Odd News Show

Fish & Trips: Drugs in Water Have Sea-Life Hooked on Partying

Raw sewage dumped in the English Channel has left marine species in the water “full of drugs”, and now fish communities are HOOKED on partying.

By Liz Days · March 31, 2024

Cocaine Fish: The New Cocaine Bear Mika Brandt/Unsplash

If you’re wondering why sea creatures near the English Channel seem to be partying a little harder these days, it’s because humanity has wreaked havoc on them in a whole new way. It’s not enough that we eat fish, hook fish, and invade their space with scuba and snorkel gear (um, some privacy, please, GREG!?). But after rampant raw sewage spills from a nearby sewage plant in Hampshire, England’s Langstone Harbor, every marine species swimming in nearby waters is now “full of drugs”. And we’re talkin’ a cocktail of ‘em, including contraceptive pills, antidepressants, cocaine, MDMA and amphetamines.

We had our worries about the potential for a drug epidemic in the watery depths when sea turtles were being found with straws up their noses, launching plastic straw bans worldwide, and “very special episodes” of underwater television programming.

Everyone's doing it, Kevin. Don't you wanna be coooool?  David Clode/Unsplash

Though the full effects of this spill haven’t yet been revealed, marine biologist & Professor Alex Ford insists that drugs affect wildlife “in the same way they do us.”

In other words, these sea creatures are gonna be in full party mode: lettin’ their scales down at Club Triton’s ocean-famous ragers, making bad symbiotic relationship decisions (hook up with a cod, wake up with crabs; we’ve all been there); and losing their families, homes, jobs, and Nemos for that sweet, sweet high.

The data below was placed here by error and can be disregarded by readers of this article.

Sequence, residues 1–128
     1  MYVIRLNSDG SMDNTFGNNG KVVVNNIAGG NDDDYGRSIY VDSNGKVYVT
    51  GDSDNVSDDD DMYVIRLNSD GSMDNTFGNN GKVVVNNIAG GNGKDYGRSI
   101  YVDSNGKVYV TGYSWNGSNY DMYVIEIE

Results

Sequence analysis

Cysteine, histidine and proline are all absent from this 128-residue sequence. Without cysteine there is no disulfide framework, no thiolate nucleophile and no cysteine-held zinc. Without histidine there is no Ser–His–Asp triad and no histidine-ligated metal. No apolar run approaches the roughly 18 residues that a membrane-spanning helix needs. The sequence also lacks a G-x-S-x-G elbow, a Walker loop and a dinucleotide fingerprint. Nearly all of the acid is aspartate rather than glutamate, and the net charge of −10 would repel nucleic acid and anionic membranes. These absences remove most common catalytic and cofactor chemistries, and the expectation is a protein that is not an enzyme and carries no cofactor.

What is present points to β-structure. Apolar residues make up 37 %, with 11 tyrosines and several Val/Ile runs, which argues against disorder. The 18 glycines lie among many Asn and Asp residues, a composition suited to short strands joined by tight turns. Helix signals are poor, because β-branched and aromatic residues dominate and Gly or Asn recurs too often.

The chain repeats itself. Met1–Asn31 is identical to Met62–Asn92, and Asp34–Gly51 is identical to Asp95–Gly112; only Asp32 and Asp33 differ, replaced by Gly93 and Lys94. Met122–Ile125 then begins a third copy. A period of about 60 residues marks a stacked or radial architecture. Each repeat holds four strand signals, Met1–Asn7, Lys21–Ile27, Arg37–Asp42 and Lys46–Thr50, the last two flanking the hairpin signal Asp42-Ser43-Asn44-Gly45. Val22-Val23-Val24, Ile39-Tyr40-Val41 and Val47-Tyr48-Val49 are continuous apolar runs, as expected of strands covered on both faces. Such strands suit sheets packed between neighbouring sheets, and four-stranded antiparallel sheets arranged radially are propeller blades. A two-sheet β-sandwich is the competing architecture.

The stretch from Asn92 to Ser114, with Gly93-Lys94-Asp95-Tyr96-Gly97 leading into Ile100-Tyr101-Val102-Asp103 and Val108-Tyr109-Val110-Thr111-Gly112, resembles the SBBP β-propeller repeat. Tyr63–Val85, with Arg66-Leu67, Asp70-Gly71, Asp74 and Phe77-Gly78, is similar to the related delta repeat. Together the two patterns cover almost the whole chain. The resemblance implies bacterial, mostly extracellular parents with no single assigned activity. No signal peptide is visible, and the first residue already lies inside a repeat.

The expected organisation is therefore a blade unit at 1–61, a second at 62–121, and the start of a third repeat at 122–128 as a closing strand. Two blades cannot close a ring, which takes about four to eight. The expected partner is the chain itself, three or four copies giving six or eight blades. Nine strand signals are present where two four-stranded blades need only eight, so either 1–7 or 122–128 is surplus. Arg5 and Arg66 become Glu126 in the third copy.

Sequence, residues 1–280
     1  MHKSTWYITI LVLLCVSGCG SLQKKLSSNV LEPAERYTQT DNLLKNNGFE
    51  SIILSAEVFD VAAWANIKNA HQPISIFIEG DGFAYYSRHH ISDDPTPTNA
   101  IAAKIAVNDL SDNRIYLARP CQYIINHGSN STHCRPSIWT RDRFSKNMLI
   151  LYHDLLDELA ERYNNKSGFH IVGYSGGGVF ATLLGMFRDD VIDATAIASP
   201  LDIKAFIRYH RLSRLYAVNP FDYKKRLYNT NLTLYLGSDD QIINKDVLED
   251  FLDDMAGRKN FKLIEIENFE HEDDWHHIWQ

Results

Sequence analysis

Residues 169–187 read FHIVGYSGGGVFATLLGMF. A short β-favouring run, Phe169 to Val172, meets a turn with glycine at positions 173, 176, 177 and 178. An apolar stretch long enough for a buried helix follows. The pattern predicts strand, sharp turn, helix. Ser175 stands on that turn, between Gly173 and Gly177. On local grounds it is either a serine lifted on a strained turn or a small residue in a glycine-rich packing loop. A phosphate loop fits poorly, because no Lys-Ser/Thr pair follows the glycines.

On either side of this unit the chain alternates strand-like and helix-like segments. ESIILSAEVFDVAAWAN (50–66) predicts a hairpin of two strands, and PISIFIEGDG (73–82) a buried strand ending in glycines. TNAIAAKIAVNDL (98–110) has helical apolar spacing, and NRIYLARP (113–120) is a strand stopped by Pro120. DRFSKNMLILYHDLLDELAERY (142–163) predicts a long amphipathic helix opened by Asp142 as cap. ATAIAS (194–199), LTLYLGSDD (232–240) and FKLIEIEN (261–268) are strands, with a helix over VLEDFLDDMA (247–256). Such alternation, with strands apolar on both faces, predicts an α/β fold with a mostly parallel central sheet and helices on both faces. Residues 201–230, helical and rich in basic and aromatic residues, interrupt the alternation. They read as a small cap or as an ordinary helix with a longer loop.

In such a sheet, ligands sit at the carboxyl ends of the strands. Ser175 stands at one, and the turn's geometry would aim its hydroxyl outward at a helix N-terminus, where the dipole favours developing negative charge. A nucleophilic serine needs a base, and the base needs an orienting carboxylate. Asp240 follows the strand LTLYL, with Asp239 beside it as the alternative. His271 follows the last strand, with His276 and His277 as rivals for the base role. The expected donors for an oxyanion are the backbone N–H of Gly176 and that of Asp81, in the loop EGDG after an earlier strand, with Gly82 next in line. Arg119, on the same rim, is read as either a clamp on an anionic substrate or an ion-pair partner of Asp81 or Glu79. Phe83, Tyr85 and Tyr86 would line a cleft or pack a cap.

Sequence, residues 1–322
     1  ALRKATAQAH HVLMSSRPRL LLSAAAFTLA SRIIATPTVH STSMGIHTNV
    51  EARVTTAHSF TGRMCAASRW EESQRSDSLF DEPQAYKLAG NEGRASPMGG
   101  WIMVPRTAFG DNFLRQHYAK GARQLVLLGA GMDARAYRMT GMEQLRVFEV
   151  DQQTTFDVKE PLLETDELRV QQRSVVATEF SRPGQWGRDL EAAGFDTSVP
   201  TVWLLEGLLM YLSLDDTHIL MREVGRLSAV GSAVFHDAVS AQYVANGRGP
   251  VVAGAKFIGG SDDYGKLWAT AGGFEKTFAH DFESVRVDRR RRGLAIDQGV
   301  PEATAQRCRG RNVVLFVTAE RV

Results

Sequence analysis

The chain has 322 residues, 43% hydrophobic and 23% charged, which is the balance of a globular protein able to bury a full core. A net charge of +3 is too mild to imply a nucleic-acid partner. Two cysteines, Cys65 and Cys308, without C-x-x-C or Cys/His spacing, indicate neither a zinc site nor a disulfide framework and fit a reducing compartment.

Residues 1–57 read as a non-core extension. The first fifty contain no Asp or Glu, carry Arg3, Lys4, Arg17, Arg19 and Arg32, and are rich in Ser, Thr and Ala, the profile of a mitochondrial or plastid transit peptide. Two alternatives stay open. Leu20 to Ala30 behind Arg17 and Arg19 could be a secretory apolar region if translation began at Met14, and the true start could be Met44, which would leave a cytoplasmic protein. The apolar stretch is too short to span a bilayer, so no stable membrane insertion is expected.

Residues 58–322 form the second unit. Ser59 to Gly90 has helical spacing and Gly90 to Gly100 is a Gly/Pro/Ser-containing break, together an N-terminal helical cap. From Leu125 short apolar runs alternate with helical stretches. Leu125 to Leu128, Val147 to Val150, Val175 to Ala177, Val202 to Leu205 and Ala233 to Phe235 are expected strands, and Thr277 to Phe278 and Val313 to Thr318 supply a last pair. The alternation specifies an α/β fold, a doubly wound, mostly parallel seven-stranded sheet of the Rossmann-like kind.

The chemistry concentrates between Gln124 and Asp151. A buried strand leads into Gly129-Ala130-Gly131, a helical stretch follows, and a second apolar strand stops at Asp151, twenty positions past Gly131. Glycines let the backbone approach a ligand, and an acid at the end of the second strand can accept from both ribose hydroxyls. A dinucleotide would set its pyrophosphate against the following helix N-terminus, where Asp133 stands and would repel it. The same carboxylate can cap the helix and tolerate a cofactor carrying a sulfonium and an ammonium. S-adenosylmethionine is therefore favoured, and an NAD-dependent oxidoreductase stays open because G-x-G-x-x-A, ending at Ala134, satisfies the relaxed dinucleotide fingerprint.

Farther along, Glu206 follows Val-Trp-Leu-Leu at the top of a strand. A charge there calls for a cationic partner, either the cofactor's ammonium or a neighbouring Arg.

King Triton's parties are LIT!  Jean Wimmerlin/Unsplash

British seahorse & local underwater artist Reef Herring has responded to this eminent threat by starting a mural campaign with anti-drug messages like “crack is wack” & “ice ain’t nice” to encourage young fish to kick the habit.

“Blowfish don’t do blow,” Herring says. “Seabass don’t freebase; Angel fish don’t snort angel dust.” Because of human negligence, he argues, water communities now have schools of fingerlings - with their mouthbrooders and livebearers - suffering  from hyperactivity, anxiety (though that is curbed by the antidepressants) and, in alarming numbers, loss of teeth.

“Nobody wants to see a toothless Monkfish.”
Reef Herring - British Seahorse & Artist

Meanwhile, families on land fear that with their Friday night omega 3 fatty acid fish dinners, they’ll also be unwittingly dropping acid. “What we do to the planet, it does back to us,” a concerned Hampshire mother of 3 says.

Remember to eat your drugs twice a week!  Travis Yewell/Unsplash
“I learned long ago to ‘Just Say no’… BUT, when I can’t say no, I store my own drug-laced waste in the backyard so that it doesn’t end up in our waterways. Be responsible, people!”
Agatha Bailey - mother of 3, Hampshire, England

We’re hoping that this far-too-common example of human destructive behavior will become less so as we all take accountability for our effect on Mother Earth. But if 80s anti-drug campaigns taught us anything, it’s that humans who use drugs have Mackerel who use drugs. While the highs may be epic, sung in future sea shanties, let’s hope the lows don’t leave us and our fishy friends up the channel without a paddle.